By Chris Wilson
YOU HAVE BEEN WARNED
Okay, boys and girls, it’s time to rock the mature, fanboy side of comics – and to celebrate the adult form. I make no apologies for my review, my language, or my excitement, but bear in mind, I’m talking comics and movies and not K-12 education. There is nothing about this comic, movie (or review for that matter) that is for kids, and I cannot imagine any of it appropriate for any K-12 classroom. This is full of intensely profane, saucy, smutty, scandalous, vulgar, violent, comic-movie geekdom. Proceed with full consent, a utility belt full of anticipation, and a good sense of humor.
ASS-KICKERY AT ITS BEST
Back in January I saw my first trailer for KICK-ASS and I nearly came undone thinking this would be the ultimate kinda-naughty-but-probably-okay-for-my-daughter super hero movie. I missed the comic unveiling. “Sure, there is that butt word in the title, but that’s probably the worst of it,” thought I. Then I saw the R-rated trailer. Sweet Judas Priest! When I saw the 11-year-old Hit Girl call her soon-to-be adult victims “cunts” then proceed to hack-and-slash them like a human vegematic, I rethought this movie as more appropriate for a guys night out with my crew, my peeps, my boys. Truth be told, I was even more excited to see a movie that had the testicular fortitude to take on such a bold approach. I was all in.
Speaking of the gonads, KICK-ASS has two of them – big old puppies made of cast iron that hang low and swing wide. The whole kit and caboodle of the KICK-ASS franchise is a mincemeat cobbler of AMERICAN PIE, THE BOYS, and KILL BILL. The adolescent humor in AMERICAN PIE is more prevalent in the movie version than the comic, but only slightly. Both are as irreverent and shocking as THE BOYS comic from Dynamite and the violence, pop culture references and use of music are reminiscent of Quentin Tarantino’s movies (KILL BILL and PULP FICTION) – channeling the ability to make you laugh at the most horrific and grotesque of scenes add to the disturbing and entertaining nature of the movie. If that’s a bad thing, then I’m a bad boy because I don’t care.
The comic-movie conglomerate works for several reasons, but the most important element is that the comic-turned-movie is not entrenched with an established mythos. Free of the dogma that constrains so many comic-related movies, KICK-ASS is able to have a book and movie that are both enjoyable, but individual at the same time, giving the director some leeway in adapting the comic for the silver screen.
KICK-ASS takes itself seriously as a comic art form, but it is not stupid slapstick, snobbish literature, or an elitist art house film. The source material and the film understand the complexities and sometimes-ridiculous nature of superheroes and weave the campy nature into a perfectly rendered art form. It is everything a fanboy loves, needs and wants.
The movie takes the camp a step further by using the actors to balance the serious and the absurd in a yin-yang of taut yarn. The acting performances of Big Daddy (Nicholas Cage) and Hit Girl (Chloe Moretz) were exceptionally good. Big Daddy was a superb 60s Batman spoof and Hit Girl was the epitome of girl power: trained comic book assassin with childlike perspectives. She cares nothing for dollies, but does carry a Hello Kitty backpack in the comic.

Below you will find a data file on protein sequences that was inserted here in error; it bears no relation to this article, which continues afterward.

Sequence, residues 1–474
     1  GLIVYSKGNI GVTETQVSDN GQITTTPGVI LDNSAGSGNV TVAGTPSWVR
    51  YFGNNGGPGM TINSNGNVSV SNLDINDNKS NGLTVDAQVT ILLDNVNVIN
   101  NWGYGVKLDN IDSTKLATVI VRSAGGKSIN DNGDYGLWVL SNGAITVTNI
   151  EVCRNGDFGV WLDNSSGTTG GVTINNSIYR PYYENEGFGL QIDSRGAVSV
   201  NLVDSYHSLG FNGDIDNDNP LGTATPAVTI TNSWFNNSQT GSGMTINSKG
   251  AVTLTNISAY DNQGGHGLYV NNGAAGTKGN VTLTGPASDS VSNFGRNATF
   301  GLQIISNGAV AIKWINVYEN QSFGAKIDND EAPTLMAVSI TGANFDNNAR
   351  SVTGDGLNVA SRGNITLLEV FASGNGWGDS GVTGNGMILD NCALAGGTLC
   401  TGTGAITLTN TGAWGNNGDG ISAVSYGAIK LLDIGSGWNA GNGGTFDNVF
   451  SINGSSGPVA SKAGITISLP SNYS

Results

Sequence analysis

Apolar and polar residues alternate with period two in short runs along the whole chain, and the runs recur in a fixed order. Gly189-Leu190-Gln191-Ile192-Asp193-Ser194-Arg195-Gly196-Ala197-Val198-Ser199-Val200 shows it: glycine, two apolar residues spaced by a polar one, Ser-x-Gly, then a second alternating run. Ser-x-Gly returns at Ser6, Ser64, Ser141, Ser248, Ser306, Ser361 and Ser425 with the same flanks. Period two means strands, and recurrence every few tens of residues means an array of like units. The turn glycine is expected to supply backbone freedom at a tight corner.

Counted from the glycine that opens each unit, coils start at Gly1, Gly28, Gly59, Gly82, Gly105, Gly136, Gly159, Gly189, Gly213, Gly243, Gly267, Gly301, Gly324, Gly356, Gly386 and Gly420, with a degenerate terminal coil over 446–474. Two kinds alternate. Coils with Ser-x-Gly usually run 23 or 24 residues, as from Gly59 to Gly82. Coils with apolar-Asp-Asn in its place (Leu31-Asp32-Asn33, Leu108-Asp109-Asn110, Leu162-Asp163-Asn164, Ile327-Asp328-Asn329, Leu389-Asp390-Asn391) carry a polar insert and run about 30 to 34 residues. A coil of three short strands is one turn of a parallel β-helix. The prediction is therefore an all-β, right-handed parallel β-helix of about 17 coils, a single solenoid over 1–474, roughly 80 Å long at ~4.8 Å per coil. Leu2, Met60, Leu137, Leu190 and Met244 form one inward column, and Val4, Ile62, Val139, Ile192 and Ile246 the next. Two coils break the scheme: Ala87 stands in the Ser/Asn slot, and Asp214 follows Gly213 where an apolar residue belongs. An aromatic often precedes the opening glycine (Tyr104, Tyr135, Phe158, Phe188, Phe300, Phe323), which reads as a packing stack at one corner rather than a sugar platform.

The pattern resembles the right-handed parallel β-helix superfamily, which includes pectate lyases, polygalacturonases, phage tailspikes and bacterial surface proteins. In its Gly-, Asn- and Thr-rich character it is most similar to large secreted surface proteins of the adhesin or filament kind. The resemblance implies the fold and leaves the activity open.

A PURPOSEFUL APPROACH ON MY PART
I have been disappointed before when I read comics or novels and then watched a movie adaptation. I did not run out and buy the KICK-ASS comic even when I found it on sale at a local comicon. I knew I would not be able to resist and would read it first.
Instead, I choose to employ my long-held hypothesis that movie adaptations of comics or books are significantly less irritating (hence more enjoyable) if I read the title after the movie. My thinking is that I will be able to interweave both into my schema as cohesive but individual art forms, allowing me to enjoy both.
I saw the movie last night, then downloaded all eight comics to my iPad and read them this morning. Good luck finding copies of the trade paper and forget about first printings of the eight issues.
I loved the movie and the comic. Loved them. Is that because of my purposeful approach, the dogma-free storyline, or the closeness of the movie to the vision of the source material? I cannot really say without testing my hypothesis further. I will simply tell you I am in love with both.
THE TEACHER IN ME CANNOT HELP BUT COMPARE AND CONTRAST
Despite my movie-first-then-read hypothesis, I am compelled to compare and contrast both forms and approaches. After all, the comic is the source material and the movie is simply an adaptation.
As with any movie adaptation, the screenwriters integrated several scenes from the book into one movie element. I guess that’s okay. It worked. Conglomerations are typical and were not significant issues for me. The way some characters interacted was very different. All of the costumes, except Kick-Ass’, were changed significantly. Big Daddy was a scruffy, biker type in the comic, but more of a poindexter in the movie. Interestingly, the geeky movie version of Big Daddy seemed a better hand-to-hand combatant.
The climactic ending was changed. The characters’ impetus for coming together was vastly different, but the ultimate violence and feeling were the same. In the comic, Big Daddy had a secret, secret origin unbeknownst even to Hit Girl, an element that was scrubbed from the movie adaptation. There are other changes, but they are mostly minor.
AH YEAH, TITANS
KICK-ASS is a nerdgasm of awesomeness, one that celebrates all things superhero and takes the adult comic genre into new savage and smutty levels. I can sum it all up in three words: KICK-ASS has tunk! Damn straight.